© The Financial Times Ltd 2016
FT and 'Financial Times' are trademarks of The Financial Times Ltd.
The Financial Times and its journalism are subject to a self-regulation regime under the FT Editorial Code of Practice.
December 20, 2013 6:59 pm
American Statecraft: The Story of the US Foreign Service, by J Robert Moskin, Thomas Dunne Books, RRP$40, 944 pages
It is almost impossible for a modern American military man or woman to walk down a street in uniform and avoid a virtual stampede of fellow countrymen stopping to thank them for their service to the nation.
This very public appreciation is not remotely similar to the everyday experience of America’s other vanguard deployed abroad – the Foreign Service officers and civil servants who inhabit the US’s embassies and other diplomatic compounds across the globe.
Journalist and historian J Robert Moskin begins his book American Statecraft with a simple crystalline truth: “We Americans glorify our warriors and ignore our diplomats.” Often distrusted by presidents (for example, Richard Nixon, Franklin D Roosevelt and George W Bush), unfairly caricatured in popular culture as either weak or sinister pen-pushers (the movie Rules of Engagement or the dark depictions of diplomats in the Jason Bourne series), or castigated in Congressional testimony as wasteful and incompetent (see the regular diatribes of Darrell Issa or virtually any other House of Representatives Tea Party member), the Foreign Service is subjected to popular and political disdain that can be disheartening to those who seek to promote US interests and values through means other than war.
I served as assistant secretary of state for Asia from 2009 to 2013 and my colleagues were the very people Moskin writes about. In that capacity, I would regularly receive letters from Americans abroad who were assisted by foreign service officers. These missives invariably had a hint of surprise: Oh my gosh! This person went beyond the call of duty to help me! Who would have thought!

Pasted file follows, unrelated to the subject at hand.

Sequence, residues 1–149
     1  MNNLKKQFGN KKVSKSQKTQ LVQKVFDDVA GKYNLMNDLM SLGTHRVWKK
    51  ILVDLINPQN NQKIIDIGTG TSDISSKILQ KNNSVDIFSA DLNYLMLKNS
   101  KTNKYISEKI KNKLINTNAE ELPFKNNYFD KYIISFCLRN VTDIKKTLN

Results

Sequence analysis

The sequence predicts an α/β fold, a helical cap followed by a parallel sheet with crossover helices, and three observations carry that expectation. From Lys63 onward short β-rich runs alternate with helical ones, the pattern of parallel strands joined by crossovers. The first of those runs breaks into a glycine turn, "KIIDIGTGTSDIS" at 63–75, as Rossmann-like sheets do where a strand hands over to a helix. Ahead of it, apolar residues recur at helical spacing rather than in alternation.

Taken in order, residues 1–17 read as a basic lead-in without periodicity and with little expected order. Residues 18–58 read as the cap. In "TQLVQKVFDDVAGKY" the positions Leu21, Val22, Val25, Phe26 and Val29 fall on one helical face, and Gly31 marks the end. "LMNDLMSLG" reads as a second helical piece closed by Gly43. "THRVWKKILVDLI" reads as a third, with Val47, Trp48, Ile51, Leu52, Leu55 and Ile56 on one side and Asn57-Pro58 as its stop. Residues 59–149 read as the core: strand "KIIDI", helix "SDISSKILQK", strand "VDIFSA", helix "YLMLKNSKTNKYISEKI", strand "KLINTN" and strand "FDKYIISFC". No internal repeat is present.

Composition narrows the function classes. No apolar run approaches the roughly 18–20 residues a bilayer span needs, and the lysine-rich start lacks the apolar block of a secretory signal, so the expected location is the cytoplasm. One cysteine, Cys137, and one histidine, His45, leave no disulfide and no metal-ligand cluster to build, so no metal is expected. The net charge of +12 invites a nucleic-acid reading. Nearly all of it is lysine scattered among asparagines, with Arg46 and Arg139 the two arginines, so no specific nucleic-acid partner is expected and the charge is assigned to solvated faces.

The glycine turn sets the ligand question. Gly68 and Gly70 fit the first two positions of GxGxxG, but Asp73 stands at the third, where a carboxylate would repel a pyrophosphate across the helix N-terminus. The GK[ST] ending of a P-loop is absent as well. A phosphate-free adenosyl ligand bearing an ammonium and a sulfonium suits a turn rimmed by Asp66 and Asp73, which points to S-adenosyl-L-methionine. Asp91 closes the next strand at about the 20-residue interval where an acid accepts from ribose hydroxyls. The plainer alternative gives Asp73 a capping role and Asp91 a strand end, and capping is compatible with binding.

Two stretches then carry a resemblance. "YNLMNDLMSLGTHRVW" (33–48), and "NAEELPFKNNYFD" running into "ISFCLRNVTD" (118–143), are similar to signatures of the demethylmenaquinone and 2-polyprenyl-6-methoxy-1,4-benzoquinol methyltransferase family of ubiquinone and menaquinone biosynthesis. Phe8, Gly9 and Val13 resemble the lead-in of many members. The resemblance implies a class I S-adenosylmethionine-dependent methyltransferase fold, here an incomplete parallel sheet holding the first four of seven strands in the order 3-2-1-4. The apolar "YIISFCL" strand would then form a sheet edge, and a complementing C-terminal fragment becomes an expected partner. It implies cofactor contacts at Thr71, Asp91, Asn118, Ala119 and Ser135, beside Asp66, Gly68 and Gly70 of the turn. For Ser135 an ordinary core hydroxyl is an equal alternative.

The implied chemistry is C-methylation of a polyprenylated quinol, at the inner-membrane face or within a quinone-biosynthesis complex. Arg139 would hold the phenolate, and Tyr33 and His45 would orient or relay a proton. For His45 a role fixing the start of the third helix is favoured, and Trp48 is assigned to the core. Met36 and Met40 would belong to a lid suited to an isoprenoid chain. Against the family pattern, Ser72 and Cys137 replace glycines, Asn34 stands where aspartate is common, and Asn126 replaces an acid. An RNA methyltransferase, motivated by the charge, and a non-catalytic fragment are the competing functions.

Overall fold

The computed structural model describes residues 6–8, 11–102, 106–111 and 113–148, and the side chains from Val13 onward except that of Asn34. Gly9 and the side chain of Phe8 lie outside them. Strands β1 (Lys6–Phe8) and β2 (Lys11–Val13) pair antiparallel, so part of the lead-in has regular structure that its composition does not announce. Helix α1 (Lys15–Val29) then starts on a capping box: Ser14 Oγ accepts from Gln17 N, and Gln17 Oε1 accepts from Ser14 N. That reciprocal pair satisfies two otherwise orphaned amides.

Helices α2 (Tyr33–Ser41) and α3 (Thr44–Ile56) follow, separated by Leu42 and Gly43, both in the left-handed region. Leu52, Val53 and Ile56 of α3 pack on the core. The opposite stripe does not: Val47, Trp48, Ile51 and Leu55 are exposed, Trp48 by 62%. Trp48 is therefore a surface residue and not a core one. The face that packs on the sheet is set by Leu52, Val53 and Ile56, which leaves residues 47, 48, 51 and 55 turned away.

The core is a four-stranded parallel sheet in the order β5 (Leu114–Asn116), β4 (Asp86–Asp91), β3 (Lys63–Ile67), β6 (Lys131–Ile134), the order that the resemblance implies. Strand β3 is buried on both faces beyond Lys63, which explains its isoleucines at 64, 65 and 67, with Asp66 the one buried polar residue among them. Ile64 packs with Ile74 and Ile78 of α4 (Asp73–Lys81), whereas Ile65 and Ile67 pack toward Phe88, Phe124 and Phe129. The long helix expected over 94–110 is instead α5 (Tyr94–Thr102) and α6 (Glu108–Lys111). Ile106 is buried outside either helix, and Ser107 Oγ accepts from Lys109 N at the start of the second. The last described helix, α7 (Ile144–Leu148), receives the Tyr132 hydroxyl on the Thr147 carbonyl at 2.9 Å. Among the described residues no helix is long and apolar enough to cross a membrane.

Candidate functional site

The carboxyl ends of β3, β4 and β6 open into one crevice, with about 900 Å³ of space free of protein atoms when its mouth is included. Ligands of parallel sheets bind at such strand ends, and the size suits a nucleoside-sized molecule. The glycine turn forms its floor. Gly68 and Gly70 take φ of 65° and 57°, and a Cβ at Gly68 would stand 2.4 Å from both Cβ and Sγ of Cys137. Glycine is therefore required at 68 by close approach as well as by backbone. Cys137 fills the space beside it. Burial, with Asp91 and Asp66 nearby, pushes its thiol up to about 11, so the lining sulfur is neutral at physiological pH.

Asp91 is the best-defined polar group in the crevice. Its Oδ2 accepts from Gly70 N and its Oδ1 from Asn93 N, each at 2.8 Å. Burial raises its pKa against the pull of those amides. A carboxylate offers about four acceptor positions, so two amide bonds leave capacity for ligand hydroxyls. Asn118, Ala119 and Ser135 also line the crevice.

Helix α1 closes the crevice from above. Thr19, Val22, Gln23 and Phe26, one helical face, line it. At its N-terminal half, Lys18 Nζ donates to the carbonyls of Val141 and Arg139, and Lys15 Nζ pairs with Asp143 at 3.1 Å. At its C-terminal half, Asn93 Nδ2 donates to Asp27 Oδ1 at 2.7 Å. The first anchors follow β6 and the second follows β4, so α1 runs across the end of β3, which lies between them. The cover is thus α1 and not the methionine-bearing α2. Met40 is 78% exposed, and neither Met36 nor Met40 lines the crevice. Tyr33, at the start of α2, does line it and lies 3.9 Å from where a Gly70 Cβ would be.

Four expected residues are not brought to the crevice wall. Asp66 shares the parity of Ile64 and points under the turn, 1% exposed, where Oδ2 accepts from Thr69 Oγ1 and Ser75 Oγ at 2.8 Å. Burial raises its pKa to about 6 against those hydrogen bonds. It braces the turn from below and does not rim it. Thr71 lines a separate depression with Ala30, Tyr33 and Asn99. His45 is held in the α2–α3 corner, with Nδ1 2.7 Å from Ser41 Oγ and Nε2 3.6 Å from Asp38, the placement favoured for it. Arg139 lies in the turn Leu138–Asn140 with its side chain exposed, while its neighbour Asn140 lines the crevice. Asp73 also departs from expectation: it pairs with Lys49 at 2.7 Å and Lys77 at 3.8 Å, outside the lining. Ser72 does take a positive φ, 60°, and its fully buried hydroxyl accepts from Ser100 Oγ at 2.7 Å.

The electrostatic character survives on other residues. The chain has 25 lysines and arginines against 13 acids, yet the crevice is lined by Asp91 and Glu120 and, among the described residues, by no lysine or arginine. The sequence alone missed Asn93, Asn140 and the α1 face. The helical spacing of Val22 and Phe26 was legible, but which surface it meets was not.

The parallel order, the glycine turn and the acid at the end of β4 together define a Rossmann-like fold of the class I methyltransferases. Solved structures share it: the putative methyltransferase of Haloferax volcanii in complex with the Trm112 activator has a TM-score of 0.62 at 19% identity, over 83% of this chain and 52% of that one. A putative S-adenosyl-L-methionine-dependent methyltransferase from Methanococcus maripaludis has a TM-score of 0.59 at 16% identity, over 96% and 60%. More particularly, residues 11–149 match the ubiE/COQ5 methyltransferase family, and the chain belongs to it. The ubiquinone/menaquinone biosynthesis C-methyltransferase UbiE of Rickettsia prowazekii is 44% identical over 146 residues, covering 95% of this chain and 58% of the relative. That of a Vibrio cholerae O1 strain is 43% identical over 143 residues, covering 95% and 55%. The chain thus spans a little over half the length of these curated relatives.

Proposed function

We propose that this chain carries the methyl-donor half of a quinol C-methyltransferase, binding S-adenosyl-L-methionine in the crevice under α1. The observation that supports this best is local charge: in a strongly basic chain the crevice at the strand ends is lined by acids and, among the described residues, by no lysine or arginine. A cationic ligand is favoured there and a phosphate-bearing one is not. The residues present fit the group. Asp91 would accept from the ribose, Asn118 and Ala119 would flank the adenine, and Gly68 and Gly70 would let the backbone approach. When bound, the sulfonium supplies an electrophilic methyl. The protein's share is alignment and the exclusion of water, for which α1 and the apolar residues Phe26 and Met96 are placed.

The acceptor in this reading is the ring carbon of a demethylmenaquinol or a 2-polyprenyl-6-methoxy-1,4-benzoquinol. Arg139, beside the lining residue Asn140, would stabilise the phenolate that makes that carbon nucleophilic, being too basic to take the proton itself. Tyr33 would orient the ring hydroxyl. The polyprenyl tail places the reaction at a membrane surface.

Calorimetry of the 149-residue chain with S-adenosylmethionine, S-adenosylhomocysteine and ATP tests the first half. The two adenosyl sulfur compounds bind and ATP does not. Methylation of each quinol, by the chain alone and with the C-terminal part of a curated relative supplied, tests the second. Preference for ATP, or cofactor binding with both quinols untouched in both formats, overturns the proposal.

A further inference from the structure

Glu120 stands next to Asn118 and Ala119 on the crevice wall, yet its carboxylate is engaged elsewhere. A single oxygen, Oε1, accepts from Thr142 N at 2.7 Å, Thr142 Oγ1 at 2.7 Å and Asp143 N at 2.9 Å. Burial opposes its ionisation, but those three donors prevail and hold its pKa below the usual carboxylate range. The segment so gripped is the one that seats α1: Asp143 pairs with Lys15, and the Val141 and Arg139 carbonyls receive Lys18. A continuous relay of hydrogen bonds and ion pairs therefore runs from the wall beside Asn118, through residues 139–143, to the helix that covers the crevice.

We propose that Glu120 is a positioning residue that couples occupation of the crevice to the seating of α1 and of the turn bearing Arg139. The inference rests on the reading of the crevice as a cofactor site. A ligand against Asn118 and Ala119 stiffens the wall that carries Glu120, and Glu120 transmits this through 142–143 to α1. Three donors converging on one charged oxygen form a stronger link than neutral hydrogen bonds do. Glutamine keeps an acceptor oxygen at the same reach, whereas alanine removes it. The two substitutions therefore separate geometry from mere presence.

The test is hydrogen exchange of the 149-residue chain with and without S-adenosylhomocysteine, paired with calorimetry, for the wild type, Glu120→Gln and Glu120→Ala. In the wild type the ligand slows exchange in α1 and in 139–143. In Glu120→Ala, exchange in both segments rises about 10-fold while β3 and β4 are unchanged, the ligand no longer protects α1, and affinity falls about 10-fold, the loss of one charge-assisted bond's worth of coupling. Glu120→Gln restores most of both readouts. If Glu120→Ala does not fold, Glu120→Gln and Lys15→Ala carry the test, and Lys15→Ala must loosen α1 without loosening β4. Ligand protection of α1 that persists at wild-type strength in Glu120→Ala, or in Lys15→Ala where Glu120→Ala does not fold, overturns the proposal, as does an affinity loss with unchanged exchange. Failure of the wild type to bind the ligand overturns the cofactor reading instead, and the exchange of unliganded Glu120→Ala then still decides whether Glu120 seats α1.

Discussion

Moskin has written an ode to the current generation of diplomats and their forebears. He traces the US Foreign Service from its earliest origins at the time of Benjamin Franklin in France, through the halcyon days of post-second world war diplomacy with George Kennan orchestrating the US arrival on the global stage, all the way to the swearing-in of John Kerry as the most recent occupant of the office of secretary of state.
There have been hundreds of books in recent years about conflicts in the Middle East, examining the lives and sacrifices of khaki-clad warriors fighting on unforgiving battlegrounds. By contrast, little has been written about their civilian counterparts and the role they have played in the Middle East campaigns and elsewhere.
It has been said that the military is the one instrument of the US government on steroids, while the rest of the bureaucracy – in particular the State Department – struggles on life support. You wouldn’t know it from the determination and tenacity that the contemporary State Department exhibits in the execution of its myriad missions abroad, as this book makes clear.
Moskin has laboured for over a decade in the research and writing of this exhaustive opus. American Statecraft can be unwieldy at times, much like the State Department itself, but the benefits of all his work are clear. Transporting the reader from the ornately furnished headquarters in Washington’s Foggy Bottom out into the heavily fortified diplomatic compounds where theory meets practice (at least in theory), Moskin offers glimpses into the careers of people at all levels of the organisation.
American Statecraft shows how the diplomatic service has reconfigured its core capabilities to maintain relevance since the end of the cold war – most recently to correspond with wartime exigencies in the Middle East. This suggests that it won’t be just the Pentagon struggling to redefine its role in the years ahead as America’s priorities change again; the State Department has an enormous transition of its own to make.
The author is careful to present himself as a hardened and unsentimental observer of diplomats, an unbiased critic. Yet a message is apparent on every page of this timely, well-conceived book: thank you for your service.
Kurt Campbell is chairman and chief executive of the Asia Group and a former US assistant secretary of state
Copyright The Financial Times Limited 2016. You may share using our article tools.
Please don't cut articles from FT.com and redistribute by email or post to the web.